The BMW S1000R and knee sliding with a pillion

 

Story: Donovan Fourie
Pics: J-Pix and BMW Media

People are mad. They really are. 

“Can I ride on the back?” asked lady racer Chris-Marie Schlebusch as we sat in the pits at Phakisa during MRA’s final track weekend of the year. Okay, this involves climbing aboard the back of BMW’s 2018 S1000R, the naked version of the monstrous S1000RR, while I go round this MotoGP circuit.

Would I climb on the back of anyone and go around a race track? Hell no! I would rather face all the Mongol Hordes on my ace armed with nothing but my own scrotum than go around a track pillion. I’m sure you share similar sentiments. And yet she zipped up her leathers, donned her helmet and swung a leg over the S1000R’s pillion seat, excited at the thought of reaching for personal goals. 

BMW S1000R pillion knee slide

“This seat is actually quite comfortable,” shouted she, a veteran of many a sport bike’s torturous pillion accommodation, through her helmet. “I want to try and put my knee down!”

“You what!?” I thought through gaping eyelids.

Riding around a track at pace with a pillion takes some adjustments. Firstly, you and your pillion need to work out some sort of arrangement for hanging off, because it needs to be done both fluidly and simultaneously. This takes some learning and the first few laps involve some fumbling as both of you learn the steps to each track’s dance. Eventually, that comes right, and now it’s a case of relaxing on the bike and keeping smooth. Relaxing is important, because your pillion might make moves you aren’t anticipating, and the last thing you want is to be doing is holding the bars tightly and not letting the bike adjust automatically. Keep your riding smooth, and then you can run quite a hot pace.

By the third lap, my knee was starting to touch down in some corners, and by the fourth lap it was touching down everywhere. The seating position of the Single R makes this easier, because its more upright stance gives you more room and the more subdued nature of the motor (165hp opposed to the 200-odd ponies of the Double R) means more confidence.

Eventually we were running a hotter pace, carrying more lean angle and the sound of my knee slider grinding on the tar was a familiar one, until one lap when we tipped into Phakisa’s long Turn One. My knee touched quite early, but as we neared the middle of the turn and the angle of lean increased, the sound of my slider was joined by the sound of a second.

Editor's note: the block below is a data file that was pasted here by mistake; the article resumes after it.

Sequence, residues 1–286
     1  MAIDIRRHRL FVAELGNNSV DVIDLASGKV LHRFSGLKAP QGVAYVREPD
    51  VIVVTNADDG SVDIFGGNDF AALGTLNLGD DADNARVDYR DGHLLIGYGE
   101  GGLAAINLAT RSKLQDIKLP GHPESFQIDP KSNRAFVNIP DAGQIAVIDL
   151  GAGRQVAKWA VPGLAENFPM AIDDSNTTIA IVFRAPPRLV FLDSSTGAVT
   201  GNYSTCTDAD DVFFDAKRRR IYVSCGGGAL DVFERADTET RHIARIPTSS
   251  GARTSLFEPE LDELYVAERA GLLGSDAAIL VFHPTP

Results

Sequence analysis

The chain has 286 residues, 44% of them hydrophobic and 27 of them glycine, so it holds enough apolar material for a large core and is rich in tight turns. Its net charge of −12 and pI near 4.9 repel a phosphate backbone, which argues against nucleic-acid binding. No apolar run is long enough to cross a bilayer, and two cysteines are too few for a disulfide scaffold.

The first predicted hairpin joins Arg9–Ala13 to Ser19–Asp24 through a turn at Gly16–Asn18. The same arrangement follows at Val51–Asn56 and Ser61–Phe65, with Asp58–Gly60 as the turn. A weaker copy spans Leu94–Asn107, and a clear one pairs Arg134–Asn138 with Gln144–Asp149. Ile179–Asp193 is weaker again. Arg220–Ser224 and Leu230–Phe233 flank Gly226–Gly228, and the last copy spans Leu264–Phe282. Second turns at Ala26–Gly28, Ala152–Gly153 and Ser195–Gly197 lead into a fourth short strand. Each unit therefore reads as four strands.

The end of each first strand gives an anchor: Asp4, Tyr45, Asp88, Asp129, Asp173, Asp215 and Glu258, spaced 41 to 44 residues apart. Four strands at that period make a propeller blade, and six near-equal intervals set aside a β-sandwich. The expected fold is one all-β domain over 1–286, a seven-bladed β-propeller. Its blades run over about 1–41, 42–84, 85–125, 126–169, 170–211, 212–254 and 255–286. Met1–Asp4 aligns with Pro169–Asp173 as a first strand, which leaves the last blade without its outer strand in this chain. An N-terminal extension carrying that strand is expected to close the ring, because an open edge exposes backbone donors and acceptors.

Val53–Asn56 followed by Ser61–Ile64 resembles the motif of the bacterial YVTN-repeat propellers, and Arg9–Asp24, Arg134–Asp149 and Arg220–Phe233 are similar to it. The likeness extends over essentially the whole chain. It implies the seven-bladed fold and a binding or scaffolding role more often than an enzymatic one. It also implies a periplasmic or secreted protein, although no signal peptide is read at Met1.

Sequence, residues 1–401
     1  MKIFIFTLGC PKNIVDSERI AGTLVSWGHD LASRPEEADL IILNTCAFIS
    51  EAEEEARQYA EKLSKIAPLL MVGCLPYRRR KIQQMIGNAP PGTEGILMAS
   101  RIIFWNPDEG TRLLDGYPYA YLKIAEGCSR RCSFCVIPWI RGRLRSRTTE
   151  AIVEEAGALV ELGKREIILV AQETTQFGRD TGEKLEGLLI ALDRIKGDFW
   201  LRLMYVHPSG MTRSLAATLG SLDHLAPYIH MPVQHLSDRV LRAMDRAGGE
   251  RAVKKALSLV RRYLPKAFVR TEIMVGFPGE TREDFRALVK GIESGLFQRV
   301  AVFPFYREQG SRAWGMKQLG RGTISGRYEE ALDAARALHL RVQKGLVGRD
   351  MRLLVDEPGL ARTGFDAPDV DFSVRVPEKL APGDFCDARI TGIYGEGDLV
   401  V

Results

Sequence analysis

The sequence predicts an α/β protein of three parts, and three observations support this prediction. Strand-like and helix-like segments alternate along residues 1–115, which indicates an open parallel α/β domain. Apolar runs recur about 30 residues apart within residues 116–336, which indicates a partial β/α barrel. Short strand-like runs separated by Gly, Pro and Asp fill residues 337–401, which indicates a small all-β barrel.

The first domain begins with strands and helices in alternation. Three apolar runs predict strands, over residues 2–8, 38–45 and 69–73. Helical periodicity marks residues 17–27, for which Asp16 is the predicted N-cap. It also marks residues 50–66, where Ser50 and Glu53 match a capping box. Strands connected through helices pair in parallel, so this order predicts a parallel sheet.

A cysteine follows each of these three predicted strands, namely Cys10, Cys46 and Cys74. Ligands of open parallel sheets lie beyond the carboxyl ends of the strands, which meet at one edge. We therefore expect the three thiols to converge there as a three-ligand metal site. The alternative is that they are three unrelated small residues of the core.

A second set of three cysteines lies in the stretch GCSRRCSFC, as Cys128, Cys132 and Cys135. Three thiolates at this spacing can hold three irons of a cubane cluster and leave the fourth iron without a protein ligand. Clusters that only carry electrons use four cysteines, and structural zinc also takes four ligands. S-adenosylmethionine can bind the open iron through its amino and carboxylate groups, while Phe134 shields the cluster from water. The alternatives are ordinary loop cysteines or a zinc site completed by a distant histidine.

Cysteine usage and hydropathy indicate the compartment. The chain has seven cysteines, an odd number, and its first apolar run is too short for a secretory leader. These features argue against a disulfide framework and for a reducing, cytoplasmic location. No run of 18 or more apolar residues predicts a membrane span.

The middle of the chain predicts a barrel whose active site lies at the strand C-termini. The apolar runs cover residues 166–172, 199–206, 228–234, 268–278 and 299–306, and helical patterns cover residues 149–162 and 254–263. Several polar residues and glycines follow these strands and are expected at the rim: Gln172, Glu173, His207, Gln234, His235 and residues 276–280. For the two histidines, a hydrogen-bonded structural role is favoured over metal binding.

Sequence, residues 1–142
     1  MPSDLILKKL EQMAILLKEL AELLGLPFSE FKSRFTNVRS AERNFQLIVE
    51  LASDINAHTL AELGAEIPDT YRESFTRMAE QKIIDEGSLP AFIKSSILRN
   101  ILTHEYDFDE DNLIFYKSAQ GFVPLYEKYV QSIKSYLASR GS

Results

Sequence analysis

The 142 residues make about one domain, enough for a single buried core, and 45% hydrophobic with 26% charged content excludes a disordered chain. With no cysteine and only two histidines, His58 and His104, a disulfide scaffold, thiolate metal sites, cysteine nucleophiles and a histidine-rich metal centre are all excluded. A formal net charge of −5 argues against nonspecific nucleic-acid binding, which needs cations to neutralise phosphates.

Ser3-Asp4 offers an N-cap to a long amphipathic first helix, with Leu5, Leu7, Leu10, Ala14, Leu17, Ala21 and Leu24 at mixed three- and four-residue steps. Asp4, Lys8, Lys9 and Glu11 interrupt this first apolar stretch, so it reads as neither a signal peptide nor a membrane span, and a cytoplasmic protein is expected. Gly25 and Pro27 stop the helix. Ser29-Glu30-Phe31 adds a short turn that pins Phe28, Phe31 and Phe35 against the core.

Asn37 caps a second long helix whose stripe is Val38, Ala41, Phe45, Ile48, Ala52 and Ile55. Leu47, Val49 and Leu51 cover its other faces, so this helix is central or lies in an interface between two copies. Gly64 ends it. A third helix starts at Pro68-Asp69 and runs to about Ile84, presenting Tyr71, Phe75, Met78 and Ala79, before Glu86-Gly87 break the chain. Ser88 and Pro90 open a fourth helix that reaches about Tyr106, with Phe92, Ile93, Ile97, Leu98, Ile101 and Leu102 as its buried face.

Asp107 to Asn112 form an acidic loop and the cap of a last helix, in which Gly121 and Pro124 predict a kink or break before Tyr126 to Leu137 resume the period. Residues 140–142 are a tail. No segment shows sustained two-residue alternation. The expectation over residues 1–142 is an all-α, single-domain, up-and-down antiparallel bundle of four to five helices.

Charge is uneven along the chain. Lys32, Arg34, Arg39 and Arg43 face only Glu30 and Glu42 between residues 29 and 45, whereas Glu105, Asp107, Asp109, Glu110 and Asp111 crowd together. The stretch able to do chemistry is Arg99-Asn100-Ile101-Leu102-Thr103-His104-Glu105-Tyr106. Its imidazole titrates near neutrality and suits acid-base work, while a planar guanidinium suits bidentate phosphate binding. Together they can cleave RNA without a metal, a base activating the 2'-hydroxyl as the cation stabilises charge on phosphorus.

Had she touched? She had! This is fantastic news! Well, it was, until the force of her knee digging into the tar unexpectedly lifted the bike slightly, and left us heading somewhat toward a gravelly grave.

With some panicked readjustments to avoid certain doom, the first blow done. We lapped a few more times, and soon her other knee started touching, and soon they were touching down in both corners.

BMW S1000R looks

This is a feat we were both massively proud of, and much of the credit needs to go to the Single R. It offered room, comfort, stability and confidence, a sure recipe for two-up knee grinding success, but while we applaud this motorcycle for its pillion prowess, there is a bit of a more real world problem with it.

You see, while it is an excellent motorcycle, it is beaten by other motorcycles in its class in every single aspect. It’s true – the Single R is not the top of its class in anything.

Take looks – yes it’s a handsome machine, but the classical badass contours of the Ducati Monster has it beat. Power wise, 165hp is excellent, but not as much as the 177hp of the KTM Super Duke that beats it in Torque also.

When it comes to corners, the BMW is sublime, and yet the Aprilia Tuono trumps it here, and again when it comes to electronics. Value for money goes to to the Triumph Speed Triple, plus it is one up on the Beemer for build quality. Comfort too. If we are going point out character, I’m afraid everything beats it there.

The Single R gets beaten in every single aspect by something else in its class, and yet it has one very pertinent ace up its sleeve. You see, while it isn’t the best at anything, it is still very good at everything. If you were to allocated each aspect of each motorcycle in the naked sports bike segment a rating out of ten, yes the Single R will not get the highest number for any of them. But if you then add up all the scores and get a grand total, you will find that the BMW S1000R has won by miles.

Let that sink in.

Plus it’s extremely good at going around corners. With a pillion.

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